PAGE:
Hydrogen production on offshore platforms. A techno-economic analysis.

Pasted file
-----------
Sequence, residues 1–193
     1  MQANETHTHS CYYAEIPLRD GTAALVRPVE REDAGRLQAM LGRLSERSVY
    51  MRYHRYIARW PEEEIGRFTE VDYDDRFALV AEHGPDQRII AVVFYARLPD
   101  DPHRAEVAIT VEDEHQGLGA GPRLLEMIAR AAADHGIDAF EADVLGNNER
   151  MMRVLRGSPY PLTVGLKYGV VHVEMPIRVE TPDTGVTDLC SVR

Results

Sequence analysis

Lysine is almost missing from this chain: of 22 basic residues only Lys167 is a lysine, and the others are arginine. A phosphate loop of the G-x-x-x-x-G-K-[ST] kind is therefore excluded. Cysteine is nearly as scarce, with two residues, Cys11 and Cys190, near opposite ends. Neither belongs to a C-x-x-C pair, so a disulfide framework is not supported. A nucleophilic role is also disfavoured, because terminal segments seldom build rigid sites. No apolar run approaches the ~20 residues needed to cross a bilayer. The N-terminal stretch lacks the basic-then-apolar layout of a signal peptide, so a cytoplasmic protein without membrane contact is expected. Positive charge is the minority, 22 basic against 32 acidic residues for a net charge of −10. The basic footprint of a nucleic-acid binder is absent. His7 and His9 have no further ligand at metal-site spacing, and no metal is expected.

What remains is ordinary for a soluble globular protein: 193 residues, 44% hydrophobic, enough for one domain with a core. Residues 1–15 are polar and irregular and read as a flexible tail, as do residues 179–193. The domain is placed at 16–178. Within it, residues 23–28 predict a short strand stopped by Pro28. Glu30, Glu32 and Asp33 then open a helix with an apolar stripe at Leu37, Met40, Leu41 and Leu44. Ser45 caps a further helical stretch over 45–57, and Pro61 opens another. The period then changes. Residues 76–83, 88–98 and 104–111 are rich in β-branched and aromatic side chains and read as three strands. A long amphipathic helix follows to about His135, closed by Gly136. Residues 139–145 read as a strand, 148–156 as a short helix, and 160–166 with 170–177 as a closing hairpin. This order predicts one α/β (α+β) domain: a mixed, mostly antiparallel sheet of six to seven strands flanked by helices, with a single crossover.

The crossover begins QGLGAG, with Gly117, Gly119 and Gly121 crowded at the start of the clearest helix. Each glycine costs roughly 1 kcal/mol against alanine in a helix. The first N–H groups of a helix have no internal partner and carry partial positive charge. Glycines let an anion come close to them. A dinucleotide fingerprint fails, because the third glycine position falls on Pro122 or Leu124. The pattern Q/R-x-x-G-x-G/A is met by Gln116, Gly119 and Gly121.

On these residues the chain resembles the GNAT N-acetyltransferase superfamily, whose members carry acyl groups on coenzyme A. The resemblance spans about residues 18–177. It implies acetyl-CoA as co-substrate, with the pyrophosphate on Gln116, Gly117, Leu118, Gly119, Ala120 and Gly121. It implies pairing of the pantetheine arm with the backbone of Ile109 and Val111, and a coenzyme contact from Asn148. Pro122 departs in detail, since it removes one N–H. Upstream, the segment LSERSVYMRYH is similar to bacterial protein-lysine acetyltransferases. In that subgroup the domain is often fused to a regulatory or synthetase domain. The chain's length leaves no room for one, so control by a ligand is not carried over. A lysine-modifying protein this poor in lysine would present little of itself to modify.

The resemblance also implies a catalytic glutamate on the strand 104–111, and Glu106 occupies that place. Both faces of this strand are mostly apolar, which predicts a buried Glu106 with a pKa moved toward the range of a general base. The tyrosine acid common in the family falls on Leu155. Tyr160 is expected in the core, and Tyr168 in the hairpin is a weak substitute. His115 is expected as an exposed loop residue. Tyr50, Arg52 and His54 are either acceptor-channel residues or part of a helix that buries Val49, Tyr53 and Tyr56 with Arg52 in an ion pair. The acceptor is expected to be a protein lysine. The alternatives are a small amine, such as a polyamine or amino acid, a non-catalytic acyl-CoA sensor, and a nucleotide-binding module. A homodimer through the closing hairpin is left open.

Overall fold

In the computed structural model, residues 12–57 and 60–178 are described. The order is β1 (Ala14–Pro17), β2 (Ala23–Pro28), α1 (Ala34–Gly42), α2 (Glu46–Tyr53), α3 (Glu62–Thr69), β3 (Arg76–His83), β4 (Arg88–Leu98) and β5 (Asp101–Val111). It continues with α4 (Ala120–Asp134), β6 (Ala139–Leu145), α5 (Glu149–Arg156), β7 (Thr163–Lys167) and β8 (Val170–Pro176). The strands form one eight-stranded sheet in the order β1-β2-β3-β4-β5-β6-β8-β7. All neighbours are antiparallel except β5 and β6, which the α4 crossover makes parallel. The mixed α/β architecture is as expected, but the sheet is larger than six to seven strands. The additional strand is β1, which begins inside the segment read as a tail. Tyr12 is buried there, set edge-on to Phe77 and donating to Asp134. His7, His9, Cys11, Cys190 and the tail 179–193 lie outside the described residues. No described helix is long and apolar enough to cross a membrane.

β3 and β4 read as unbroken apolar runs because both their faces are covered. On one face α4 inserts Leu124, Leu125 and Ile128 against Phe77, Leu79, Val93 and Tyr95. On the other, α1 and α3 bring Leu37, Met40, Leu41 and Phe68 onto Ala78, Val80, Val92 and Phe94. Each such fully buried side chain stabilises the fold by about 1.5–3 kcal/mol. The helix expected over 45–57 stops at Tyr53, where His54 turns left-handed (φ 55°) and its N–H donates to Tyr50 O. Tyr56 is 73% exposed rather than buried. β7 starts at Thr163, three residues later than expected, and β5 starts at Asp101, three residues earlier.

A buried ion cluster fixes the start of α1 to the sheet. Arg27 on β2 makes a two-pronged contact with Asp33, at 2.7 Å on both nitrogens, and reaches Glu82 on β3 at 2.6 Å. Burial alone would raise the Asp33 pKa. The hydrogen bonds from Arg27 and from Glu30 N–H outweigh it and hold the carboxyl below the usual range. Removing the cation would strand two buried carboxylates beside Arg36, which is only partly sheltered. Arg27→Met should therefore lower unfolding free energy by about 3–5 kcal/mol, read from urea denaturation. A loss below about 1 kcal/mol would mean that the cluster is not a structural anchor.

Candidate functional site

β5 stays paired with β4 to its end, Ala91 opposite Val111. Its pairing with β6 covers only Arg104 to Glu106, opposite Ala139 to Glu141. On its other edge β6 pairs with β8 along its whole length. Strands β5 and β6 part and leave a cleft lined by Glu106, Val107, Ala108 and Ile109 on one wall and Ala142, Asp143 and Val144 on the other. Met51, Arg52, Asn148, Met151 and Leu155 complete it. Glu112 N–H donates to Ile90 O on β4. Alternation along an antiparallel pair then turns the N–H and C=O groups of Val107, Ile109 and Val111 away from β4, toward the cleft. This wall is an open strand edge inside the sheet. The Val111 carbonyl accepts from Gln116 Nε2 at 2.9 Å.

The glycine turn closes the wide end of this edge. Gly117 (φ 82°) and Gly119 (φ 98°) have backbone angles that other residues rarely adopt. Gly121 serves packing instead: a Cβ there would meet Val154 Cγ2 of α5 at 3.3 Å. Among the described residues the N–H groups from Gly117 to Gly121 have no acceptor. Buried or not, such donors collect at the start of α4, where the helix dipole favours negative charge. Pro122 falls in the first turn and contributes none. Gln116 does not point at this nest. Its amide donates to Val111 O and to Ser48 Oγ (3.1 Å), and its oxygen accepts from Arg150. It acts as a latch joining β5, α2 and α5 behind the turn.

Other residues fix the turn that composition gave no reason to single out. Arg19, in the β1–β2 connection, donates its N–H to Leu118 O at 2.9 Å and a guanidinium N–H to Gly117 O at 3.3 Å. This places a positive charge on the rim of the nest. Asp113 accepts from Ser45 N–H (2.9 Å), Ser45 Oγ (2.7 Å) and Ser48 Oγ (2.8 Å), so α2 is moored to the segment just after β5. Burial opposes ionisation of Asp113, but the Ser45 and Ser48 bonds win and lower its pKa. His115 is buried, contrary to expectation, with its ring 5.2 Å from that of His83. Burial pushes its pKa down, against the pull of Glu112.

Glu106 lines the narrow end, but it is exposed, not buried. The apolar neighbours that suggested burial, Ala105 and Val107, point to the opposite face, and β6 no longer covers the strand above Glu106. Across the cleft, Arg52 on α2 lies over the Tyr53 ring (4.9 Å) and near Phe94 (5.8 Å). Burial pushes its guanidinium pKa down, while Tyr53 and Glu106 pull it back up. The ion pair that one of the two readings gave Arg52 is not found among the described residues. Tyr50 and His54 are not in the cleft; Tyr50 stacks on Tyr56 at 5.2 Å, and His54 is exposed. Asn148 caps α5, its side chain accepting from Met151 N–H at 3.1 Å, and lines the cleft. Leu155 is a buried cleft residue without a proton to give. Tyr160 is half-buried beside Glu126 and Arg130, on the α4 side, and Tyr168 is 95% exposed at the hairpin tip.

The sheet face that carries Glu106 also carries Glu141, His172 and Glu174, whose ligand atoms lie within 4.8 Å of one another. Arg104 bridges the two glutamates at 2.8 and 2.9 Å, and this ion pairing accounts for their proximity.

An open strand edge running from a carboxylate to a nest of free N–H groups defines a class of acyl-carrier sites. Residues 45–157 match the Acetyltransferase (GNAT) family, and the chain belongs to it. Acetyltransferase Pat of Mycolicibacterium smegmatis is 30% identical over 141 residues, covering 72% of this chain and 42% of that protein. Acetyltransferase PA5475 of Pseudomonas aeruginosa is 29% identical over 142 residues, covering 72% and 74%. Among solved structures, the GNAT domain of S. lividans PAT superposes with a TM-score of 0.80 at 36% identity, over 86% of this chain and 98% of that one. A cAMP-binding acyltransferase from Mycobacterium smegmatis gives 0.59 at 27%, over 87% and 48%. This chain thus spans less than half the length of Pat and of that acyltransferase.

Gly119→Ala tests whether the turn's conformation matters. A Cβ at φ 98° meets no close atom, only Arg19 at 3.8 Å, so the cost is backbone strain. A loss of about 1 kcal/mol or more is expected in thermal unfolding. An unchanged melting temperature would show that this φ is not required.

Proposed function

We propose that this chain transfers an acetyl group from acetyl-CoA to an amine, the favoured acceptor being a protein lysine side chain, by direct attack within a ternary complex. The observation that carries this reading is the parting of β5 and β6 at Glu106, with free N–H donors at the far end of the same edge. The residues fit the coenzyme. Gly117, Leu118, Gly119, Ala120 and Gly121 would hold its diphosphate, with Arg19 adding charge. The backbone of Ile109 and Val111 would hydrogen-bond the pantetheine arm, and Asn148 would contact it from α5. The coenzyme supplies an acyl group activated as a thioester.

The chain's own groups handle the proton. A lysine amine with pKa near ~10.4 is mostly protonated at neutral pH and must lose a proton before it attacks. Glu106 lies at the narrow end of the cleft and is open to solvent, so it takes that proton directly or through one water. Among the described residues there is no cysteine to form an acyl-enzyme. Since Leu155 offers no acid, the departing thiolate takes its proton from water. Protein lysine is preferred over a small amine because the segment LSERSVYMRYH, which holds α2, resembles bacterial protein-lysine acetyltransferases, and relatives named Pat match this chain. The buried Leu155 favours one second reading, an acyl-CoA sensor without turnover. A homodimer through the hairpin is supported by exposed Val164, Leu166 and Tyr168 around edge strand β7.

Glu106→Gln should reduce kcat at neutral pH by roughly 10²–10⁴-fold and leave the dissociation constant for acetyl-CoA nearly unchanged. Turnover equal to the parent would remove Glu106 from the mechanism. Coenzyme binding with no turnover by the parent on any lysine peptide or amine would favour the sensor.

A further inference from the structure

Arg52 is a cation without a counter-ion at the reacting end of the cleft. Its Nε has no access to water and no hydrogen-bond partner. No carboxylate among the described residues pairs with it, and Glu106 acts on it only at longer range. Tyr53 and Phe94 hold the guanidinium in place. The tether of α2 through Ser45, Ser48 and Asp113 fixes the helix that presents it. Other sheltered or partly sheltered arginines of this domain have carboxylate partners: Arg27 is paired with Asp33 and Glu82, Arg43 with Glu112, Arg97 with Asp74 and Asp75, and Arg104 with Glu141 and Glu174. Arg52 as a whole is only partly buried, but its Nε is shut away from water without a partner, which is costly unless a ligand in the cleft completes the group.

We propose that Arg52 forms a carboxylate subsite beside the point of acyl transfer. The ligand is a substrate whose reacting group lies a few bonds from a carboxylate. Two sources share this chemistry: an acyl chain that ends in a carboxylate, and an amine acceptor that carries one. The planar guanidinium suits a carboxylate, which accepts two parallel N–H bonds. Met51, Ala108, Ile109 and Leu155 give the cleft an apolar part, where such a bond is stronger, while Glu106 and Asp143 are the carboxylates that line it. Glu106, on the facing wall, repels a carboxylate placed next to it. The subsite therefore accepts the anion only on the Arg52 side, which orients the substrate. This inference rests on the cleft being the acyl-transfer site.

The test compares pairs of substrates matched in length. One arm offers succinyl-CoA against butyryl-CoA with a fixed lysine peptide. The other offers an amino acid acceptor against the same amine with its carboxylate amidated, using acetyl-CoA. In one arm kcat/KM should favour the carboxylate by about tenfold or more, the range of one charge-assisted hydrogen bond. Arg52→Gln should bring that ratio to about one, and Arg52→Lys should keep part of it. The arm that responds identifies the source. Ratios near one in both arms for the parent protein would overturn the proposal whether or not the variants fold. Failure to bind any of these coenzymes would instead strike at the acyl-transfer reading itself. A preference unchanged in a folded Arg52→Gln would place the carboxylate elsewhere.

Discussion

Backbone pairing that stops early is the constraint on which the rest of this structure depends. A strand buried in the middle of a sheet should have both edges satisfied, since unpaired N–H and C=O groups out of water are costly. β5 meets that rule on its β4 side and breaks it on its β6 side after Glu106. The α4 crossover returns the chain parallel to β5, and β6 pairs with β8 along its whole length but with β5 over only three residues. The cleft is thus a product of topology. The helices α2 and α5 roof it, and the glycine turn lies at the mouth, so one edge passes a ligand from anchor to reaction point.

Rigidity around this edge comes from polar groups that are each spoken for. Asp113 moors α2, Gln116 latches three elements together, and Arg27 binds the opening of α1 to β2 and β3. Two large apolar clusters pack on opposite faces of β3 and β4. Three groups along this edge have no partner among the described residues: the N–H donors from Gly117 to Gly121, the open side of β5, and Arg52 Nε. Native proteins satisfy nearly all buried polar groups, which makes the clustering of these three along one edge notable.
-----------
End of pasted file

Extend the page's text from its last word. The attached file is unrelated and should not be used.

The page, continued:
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It is essential for the world to reassess its energy production technologies, because of the ever-growing energy demand and the developing climate awareness. One of the energy production technologies that is reaching the end of its lifetime is the oil and gas production on the Dutch Continental Shelf (DCS). As of 2019, around 150 installations are operative in this DCS. In the coming ten years, 100 of the 150 installations will be decommissioned. Approximately 10% of these 150 platforms can be re-used for future activities such as carbon capture and storage and hydrogen production. Hydrogen can play an important role in the energy transition. Green hydrogen, produced using renewable energy sources, is seen as a promising technology that might enable an energy system using renewable energy on a large scale. Advantages of green hydrogen are its ability of decoupling supply and demand for energy due to its storage capacity and its ability to be transported and stored in large quantities. This research presents a techno-economic analysis of the costs of producing hydrogen on decommissioned offshore platforms using offshore renewable energy sources. Aim of this analysis is to compare these production costs with projected costs of producing green hydrogen using other renewable and conventional energy sources. The analysis resulted in a levelized cost of hydrogen ranging from 4.90 €/kg in the most positive scenario, where electrolyzer costs are low and hydrogen is transported to shore using existing pipelines, to 10.81 €/kg in the high cost scenarios. This is significantly higher than expected production costs of 3 €/kg of green hydrogen in 2030 as presented in existing literature. Based on the outcomes of the analysis, and using the assumptions made in this research, a competitive price cannot be reached. Future research must show whether a combination of a decreasing electricity price and an increase in capacity factor can improve the economic feasibility of offshore hydrogen production. Due to the decommissioning of offshore infrastructure and the increasing urge to find energy storage options for the growing share of intermittent renewable energy in the energy mix, offshore hydrogen production is seen as a concept with potential. This research shows however, that significant cost reduction is necessary to make offshore hydrogen production on existing platforms economically viable.